The USDA Has A Plan To Help Organic Farmers

Andrea Strong

A new initiative from the Biden administration is helping organic farmers by stoking demand for their products.

As a young brand, Little Sesame has spent the past few years doing what most startups do: looking for capital.

The three-year-old Washington, D.C.-based consumer packaged goods company, which spins fresh hummus from organic chickpeas and counts Whole Foods as an investor, raised $3 million early this year from venture groups. Then, in late March, something unexpected happened.

The United States Department of Agriculture emailed. It was awarding Little Sesame $2.2 million to develop its business and further support organic chickpea farmers. 

Wiseman was in Los Angeles attending Expo West (the largest CPG trade show) when he found out. “I ran through my brother’s apartment screaming. We’ve spent years making a case and building this supply chain, so it felt so rewarding to finally be acknowledged for sourcing this way and supporting good agriculture.” 

With the grant, Wiseman plans to expand Little Sesame’s production capacity and boost sales and marketing efforts, with an eye toward quadrupling volume over the next three years. That increased volume is what the USDA is counting on; it would create an unprecedented market for organic chickpeas—which, like alfalfa, lentils, and peas—are little climate change warriors that fix nitrogen in the soil and can easily be rotated with wheat in the field. Over the three-year term of the grant, Wiseman will purchase millions of dollars of chickpeas from Little Sesame’s network of farmers in the nation’s bread basket. 

A new direction for the USDA

The funding, part of a new $75 million Organic Market Development Grant from the USDA’s Department of Agricultural Marketing Services (AMS), represents a burgeoning effort from the U.S. government to create more robust markets for organic crops. To date, the USDA’s AMS has awarded $50 million to 70 projects in 29 states, and it plans to announce the next batch of awards in the coming months. This is the first time that the government has invested this much capital into so many organic food businesses. 

These grants are a small part of the Biden Administration’s mission to transform the country’s food system, a slice of a big picture policy platform that grew out of the pandemic to address supply chain vulnerabilities. “This is a new program for us,” says Jenny Lester Moffitt, the USDA’s undersecretary for marketing and regulatory programs, though it’s still just a fraction of the  billions the USDA spends on commodity farming. “We were interested in building domestic markets for organic crops like chickpeas and other legumes, rotational crops, and dairy,” reducing reliance on imports.

“What’s exciting is that of the projects we funded, 70% are small businesses, which is not by accident,” she continues. (Other CPG startups that benefitted are Zego Oats, Snacktivist Foods, 12 Tides, Lundberg Farms, and Gruff/Cream of the West.) “We encouraged small businesses and farms that have traditionally not worked with the USDA to apply. We haven’t had a program like this before.”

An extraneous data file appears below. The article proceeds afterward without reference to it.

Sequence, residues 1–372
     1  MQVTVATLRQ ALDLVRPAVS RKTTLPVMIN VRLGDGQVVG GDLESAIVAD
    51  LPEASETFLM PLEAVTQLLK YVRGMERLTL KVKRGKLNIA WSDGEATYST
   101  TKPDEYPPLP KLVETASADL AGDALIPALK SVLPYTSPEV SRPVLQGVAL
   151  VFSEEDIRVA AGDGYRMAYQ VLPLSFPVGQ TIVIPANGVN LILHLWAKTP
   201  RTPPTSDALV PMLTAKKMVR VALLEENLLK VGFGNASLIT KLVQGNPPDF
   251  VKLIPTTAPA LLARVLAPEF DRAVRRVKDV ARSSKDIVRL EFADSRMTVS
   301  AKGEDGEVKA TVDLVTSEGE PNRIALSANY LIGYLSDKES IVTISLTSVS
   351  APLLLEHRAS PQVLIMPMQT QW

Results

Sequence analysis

Little Sesame won the grant because of its vertically integrated supply chain; not only does the company manufacture its hummus, but it essentially has its own farmer. Every one of Little Sesame’s chickpeas is sourced directly from Casey Bailey, a fourth generation regenerative organic farmer who works 5,000 acres under the big sky in Fort Benton, Montana. 

Wiseman met Bailey when he and cofounder Ronen Tenne first started tinkering with hummus recipes in 2016. They’d order 50 pound bags of chickpeas at a time, which Bailey would grow exclusively for Little Sesame on 500 acres of his farmland. During the USDA grant’s term, Little Sesame estimates that it will purchase more than a million pounds per year from Bailey and his fellow farmers in the Montana Organic Producers Coop; to keep up with Little Sesame’s increased demand, Bailey estimates he will be increasing his chickpea acreage from 500 to 2000.

“Without this grant creating a market, I would just stop growing chickpeas,” Bailey says. And without chickpeas, Bailey cannot grow wheat in rotation. “Wheat without rotation is the kind of soil-damaging monoculture that we are trying to get away from,” he explains. “To have wheat we need chickpeas. To have both we need a healthy diversified supply chain. This grant shows the potential of public investment to develop organic food for consumers. It is the first time I have felt like a big wonky grant is really kicking.” 


A New Source of Capital 

Wiseman says that government funding like the kind Little Sesame received can be game-changing for startups in today’s high interest-rate environment. “It’s not like it used to be, with equity flowing in freely.”

The USDA knows this. That’s why it is opening 11 regional centers (and one tribal center) across the country to help small businesses learn how to apply for these grants.

“If government dollars are here to support us, it accelerates what is possible,” Wiseman says. “It gives us real fire power.” Plus, he says, “it’s the best money out there, because it doesn’t come with investors or an interest rate. The USDA is visionary here.”

Read the original article here ~

Author Andrea Strong ~

Article source Fast Company ~ 

Photo credits: Birch, Scott Suchman, Courtesy Little Sesame

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